Your home is beautiful... love the snow and the building very much!
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TEMA's right. Beautiful. Good for you!
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Old 02-08-2011, 10:24 PM   #17
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I would think anyone back then with enough money could get a master woodcrafter to make any size and shape knitting needles for them. As for metal ones, that would be difficult pre-industrial revolution. Possible but difficult, for sure. Maybe iron... cast iron. I haven't done a lot of reading on this yet, so don't quote me on it.

Actually, thinking of making metal needles is reminding me of the coat hooks I made just before Christmas. Really, to make something like that, they would either have to heat up and draw the metal through a round hole in another object that's harder than the toughness of the heated metal or they'd have to heat it and hit it with a hammer, turn, hit, etc. until it was the correct shape and thickness. If they used the second way of doing this, the created item would end up lumpy or square... even if just a little bit so.
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Old 02-09-2011, 12:37 AM   #18
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Originally Posted by wellslipmystitches View Post
I don't know about all of you, but I may have been a real wuss in those days.
Jean
Laura came from strong pioneer stock. Not me. We must also consider their food was organic. No hormones or chemicals in their meat. They had that wonderful clean air when she was growing up. They were more physically active than we are. Their lives weren't carefree, but they didn't have the stresses we have with our new, improved modern lives. When I think how the era she grew up in was in so many ways better than ours, I just wish they could have had our health care.

I'm an in-home caregiver for a 94 year old, born & raised in the country. She grew up harder, but still better for it. No wuss in her.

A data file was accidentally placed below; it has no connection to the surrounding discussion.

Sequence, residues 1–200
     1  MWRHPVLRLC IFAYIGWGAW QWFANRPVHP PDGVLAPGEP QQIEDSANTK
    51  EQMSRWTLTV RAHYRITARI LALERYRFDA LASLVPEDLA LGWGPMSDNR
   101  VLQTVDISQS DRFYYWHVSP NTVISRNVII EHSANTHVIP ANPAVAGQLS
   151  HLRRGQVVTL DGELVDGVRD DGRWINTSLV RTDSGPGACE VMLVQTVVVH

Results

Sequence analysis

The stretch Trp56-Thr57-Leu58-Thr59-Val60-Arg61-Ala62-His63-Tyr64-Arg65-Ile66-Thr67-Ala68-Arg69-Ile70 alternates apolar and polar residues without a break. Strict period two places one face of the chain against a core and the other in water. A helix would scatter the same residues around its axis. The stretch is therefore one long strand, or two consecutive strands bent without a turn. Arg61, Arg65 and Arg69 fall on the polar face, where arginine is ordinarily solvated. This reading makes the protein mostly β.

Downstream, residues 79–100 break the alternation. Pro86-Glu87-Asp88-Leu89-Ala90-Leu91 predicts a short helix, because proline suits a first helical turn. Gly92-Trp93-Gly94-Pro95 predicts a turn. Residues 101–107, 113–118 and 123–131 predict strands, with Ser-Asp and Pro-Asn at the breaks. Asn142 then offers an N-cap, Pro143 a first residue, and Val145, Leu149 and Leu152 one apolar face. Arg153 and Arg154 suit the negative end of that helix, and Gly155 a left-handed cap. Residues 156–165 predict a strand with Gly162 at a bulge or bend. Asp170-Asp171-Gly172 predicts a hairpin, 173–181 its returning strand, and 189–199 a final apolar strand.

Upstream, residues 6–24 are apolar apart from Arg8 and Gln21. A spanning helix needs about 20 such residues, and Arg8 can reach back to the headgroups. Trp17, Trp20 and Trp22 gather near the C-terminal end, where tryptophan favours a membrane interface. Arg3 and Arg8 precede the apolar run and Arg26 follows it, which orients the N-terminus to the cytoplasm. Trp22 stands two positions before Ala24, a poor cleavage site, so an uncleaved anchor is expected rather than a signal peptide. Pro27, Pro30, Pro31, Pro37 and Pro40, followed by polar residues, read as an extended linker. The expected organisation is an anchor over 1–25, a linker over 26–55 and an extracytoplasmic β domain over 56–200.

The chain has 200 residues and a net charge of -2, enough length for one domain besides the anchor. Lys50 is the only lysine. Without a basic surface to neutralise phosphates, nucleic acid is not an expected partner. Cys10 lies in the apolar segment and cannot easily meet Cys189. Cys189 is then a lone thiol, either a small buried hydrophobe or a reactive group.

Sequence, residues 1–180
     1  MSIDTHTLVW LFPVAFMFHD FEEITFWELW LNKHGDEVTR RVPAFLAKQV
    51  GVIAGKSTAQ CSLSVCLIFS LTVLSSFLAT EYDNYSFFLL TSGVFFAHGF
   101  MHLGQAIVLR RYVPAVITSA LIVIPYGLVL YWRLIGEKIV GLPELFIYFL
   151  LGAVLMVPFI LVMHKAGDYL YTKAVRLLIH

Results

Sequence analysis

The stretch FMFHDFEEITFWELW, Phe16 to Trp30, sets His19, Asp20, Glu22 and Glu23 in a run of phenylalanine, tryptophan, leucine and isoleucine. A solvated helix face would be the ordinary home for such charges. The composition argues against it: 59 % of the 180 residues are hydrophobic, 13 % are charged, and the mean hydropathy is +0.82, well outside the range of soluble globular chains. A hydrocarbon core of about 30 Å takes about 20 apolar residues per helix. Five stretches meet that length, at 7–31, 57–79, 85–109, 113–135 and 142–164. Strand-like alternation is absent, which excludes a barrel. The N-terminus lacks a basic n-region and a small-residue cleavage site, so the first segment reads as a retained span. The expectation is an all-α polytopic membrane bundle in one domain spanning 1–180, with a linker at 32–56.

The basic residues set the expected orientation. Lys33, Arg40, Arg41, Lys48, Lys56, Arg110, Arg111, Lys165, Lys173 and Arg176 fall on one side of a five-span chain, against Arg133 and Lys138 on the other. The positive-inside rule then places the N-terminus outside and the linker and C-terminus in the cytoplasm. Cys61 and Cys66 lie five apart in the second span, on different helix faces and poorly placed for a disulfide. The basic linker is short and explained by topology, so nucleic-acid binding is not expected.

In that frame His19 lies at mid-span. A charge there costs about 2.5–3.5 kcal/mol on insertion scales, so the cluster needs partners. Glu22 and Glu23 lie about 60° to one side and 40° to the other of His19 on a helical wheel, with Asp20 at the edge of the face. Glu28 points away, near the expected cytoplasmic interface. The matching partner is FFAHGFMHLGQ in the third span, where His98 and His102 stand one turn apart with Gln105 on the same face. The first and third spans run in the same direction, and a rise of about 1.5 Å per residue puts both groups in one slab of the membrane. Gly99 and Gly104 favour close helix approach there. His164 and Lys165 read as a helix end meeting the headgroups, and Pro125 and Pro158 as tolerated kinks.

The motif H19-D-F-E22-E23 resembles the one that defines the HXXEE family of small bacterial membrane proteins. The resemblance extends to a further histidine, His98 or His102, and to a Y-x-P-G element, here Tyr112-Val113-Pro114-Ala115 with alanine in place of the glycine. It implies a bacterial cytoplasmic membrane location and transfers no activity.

I've read nonfiction books about LIW. Interesting.
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Old 02-09-2011, 04:47 PM   #19
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If you haven't read LIW's books, you should. Even as an adult, they make a great read on these cold dreary winter days. My sisters and I wore out 2 sets of the the LIW books and now I have my own. Maybe I need to dig them out as a cure against the Februaries.

For centuries people have knitted socks. I think they would have figured out a long time ago how to knit them in the round with DPNs (wood or metal, depending on what was available).

And I, for one, am very glad to live in times that include indoor plumbing.
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Old 02-09-2011, 06:48 PM   #20
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Originally Posted by Gertie View Post
Laura came from strong pioneer stock. Not me. We must also consider their food was organic. No hormones or chemicals in their meat. They had that wonderful clean air when she was growing up. They were more physically active than we are. Their lives weren't carefree, but they didn't have the stresses we have with our new, improved modern lives. When I think how the era she grew up in was in so many ways better than ours, I just wish they could have had our health care.

I'm an in-home caregiver for a 94 year old, born & raised in the country. She grew up harder, but still better for it. No wuss in her.

I've read nonfiction books about LIW. Interesting.
I agree whole-heartedly here... especially about having certain aspects of medicines and health knowledge. I wouldn't say all of it, though... I know I'd tough it out and would fit well!